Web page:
lunes, abril 29, 2013

The Renaissance, Bach and Dresden are alive and well

            With a hiatus of four days the Academia Bach (the Daughter) and Festivales Musicales (the Mother) started their seasons. There was an anxious time last year when it was a moot point whether they would continue their existence. Happily, a vigorous campaign attracting paying music-lovers to a new Circle of Friends made possible a normal season for the Academy and a rather modest one for Festivales. For years, and quite unfairly, sponsors diminished, demonstrating it seems to me, two things: a) a weaker number of true maecenas; b) an impending sense of economic and financial slump. For the first item I  believe that cultured society has been steadily veering for the worse  in information, sensibility and broadness; for the second, all indicators are bad for the immediate and perhaps mediate future. When, e.g., has there been so much ill-timed applause between movements in all our institutions? And those selected deafs that don´t hear the admonition "turn off your mobile phones"?

            A general consequence is  a lack of enterprise in programming. A cursory perusal of concert programmes of the Fifties, Sixties and  Seventies proves that they were then much more disposed to renovation in our orchestras and concert associations (even the very consevative Wagneriana at least had a choral-symphonic season). And Festivales in particular did some wonderful things, like the Purcell-Britten Festival. A number of years ago it lost artistic focus and began to injure its identity by programming pell-mell instead of choosing a theme for the year. To my mind this should be a transition year and in 2014 there should be signs of recouping their adventureness, as true successors of that marvelous organism of the Fifties and Sixties, Amigos de la Música.

             There is a new President of Festivales this year, Horacio Fischbarg; my good friend David Martin remains in the Board of Directors but having relinquished his Directorship will now be their Treasurer. Another excellent friend, Architect Alberto Bellucci, has entered the Board as a Member. Mario Videla, of course, remains as Artistic Director. I wish them all well.

            Yoy may think me contradictory if I say that the first concert of Festivales was a true contribution with a beautiful selection of Renaissance vocal and instrumental music, unfortunately rarely heard here. However , out of their ten concerts only two  have great programming quality: this one and that of the Estudio Coral de Buenos Aires under Carlos López Puccio. Otherwise, it´s routine: the umpteenth "Carmina Burana", "Waldstein Sonata", "The Four Seasons", the "Emperor" Concerto, the "Kreutzer Sonata", "Messiah". This should not be Festivales´ orientation.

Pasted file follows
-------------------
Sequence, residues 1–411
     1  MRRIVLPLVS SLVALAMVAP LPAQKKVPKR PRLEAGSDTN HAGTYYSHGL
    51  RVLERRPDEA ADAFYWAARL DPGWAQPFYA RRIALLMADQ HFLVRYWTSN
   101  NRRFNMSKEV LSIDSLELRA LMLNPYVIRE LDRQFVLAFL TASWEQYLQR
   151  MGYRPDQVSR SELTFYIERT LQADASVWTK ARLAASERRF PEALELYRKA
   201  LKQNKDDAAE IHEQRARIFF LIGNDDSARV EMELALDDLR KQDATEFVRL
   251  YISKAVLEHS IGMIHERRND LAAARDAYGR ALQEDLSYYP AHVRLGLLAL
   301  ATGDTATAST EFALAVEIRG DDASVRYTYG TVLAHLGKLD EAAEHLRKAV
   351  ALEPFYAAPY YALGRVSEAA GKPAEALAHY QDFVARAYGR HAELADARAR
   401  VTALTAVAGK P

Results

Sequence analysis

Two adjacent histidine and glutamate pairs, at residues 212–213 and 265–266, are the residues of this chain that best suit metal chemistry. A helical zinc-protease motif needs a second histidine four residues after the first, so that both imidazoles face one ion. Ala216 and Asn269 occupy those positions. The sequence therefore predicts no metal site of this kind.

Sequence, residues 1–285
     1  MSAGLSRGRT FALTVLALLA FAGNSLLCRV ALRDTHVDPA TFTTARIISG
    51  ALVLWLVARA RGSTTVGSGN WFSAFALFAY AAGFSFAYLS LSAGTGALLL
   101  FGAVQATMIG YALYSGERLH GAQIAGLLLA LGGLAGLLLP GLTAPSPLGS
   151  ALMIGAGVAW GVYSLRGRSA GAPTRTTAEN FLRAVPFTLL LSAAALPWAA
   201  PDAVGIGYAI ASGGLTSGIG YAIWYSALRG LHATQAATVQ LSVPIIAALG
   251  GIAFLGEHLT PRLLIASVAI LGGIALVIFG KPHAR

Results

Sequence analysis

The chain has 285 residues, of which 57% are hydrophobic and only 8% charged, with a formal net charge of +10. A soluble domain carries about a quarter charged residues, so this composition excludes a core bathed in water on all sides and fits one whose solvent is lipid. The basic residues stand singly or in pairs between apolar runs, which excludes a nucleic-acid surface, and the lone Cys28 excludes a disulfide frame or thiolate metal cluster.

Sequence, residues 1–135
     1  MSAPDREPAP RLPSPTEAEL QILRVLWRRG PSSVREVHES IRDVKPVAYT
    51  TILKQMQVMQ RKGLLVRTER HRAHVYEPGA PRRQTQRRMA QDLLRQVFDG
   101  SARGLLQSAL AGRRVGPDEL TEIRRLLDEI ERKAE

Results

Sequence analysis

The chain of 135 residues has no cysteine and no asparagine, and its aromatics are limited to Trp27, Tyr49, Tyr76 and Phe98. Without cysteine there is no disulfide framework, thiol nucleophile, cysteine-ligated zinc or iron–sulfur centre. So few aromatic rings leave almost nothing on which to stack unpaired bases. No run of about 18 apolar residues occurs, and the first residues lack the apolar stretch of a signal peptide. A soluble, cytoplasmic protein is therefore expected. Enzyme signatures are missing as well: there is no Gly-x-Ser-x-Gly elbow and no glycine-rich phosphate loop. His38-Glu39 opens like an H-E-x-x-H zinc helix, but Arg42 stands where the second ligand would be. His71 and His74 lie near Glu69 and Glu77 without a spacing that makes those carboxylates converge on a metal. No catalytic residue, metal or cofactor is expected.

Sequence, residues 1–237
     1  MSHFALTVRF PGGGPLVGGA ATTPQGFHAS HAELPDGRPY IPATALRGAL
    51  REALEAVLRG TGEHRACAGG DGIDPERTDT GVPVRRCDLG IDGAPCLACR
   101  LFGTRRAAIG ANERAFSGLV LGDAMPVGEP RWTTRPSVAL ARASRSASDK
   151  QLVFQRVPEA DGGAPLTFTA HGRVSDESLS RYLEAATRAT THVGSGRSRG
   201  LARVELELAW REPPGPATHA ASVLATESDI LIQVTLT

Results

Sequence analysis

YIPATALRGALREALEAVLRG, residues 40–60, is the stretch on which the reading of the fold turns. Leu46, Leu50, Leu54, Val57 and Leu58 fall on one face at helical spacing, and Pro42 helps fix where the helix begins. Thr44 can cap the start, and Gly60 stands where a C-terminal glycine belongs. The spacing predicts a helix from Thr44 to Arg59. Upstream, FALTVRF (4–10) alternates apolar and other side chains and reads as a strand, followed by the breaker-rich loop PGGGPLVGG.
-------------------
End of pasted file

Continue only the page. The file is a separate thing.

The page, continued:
A great round of applause for the belated but most welcome return of  the Pro Musica Antiqua de Rosario led by its founder (in 1962) by Cristián Hernández Larguía, still incredibly spry and communicative at 92. A pity they didn´t come last year for their 50th anniversary. The leader of the group has always trod a middle ground as an interpreter, avoiding extreme historicism and opting for lively, sensitive phrasing. The big group he brought now (26 singers, 15 players) contains youngsters and such faithful veterans as the subtle contralto Susana Imbern. The assistant director, Néstor Mozzoni, has been with CHL for ages.

            As usual, CHL talks to the public in an easy, humorous way, but sometimes he overdoes it, and in what was the only serious blot of the evening, he eliminated no less than eight Di Lasso pieces because, he admitted, he had lost awareness of time speaking of instruments and other matters. We heard the whole family of recorders, the nasal Krummhorns, the sackbut (antecedent of the trombone), a small table organ, a dulcian (it will become  the bassoon), two shawms (a strident oboe), three viole da gamba, a lute, a guitar and assorted percussion.

            The well-chosen pìeces came from the great Franco-Flemish composers between 1440 and 1594: Josquin des Prés, Heinrich Isaac, Adrian Willaert, Nikolaus Gombert and Orlando Di Lasso, lovely sacred and profane vocal scores. Plus two series of dances  compiled by Pierre Phalèse and Tielman Susato. Encores: Di Lasso´s "Matona mia cara" and Arcadelt´s "Il bianco e dolce cigno". A beautiful night at the Auditorio de Belgrano.

            The Bach Academy started out very nicely. Its subject this year is quite interesting: Bach and the Dresden Court. In this initial concert, in its  usual venue ( the Iglesia Metodista Central), there were two segments. At first, Francesco Maria Veracini´s Overture VI in G minor (premiere); the composer played in the Dresden Court Opera Orchestra from 1717 to 1723. Fresh, energetic Baroque, finely played by the Soloists of the Academy. Then, the same chorale melody  in three versions: curiously it first appeared in the chanson "Il me suffit" by Claudin de Sermisy, who wrote it in 1529; afterwards adapted by Sethus Calvisius, who was Kantor at Leipzig´s Saint Thomas Church, as "Was mein Gott will, das g´scheh allzeit" ("What my God wants always happens"), later magnificently developed polyphonically by Heinrich Schütz in 1648, and finally by Johann Sebastian Bach in his Cantata Nº 111, premiered on this occasion. 

            The cantata is made of a splendid initial chorus, a baritone aria, a contralto recitative, a duet for contralto and tenor, a soprano recitative and the final Chorale. The soloist were middling (tenor Matías Tomasetto) and good (baritone Walter Uranga, countertenor Damián Ramírez and soprano Natalia Salardino), the instrumentalists excellent, and the Grupo de Canto Coral under Néstor Andrenacci first-rate, all under the expertise of Mario Videla, who also gave an erudite explanation on the scores.
For Buenos Aires Herald

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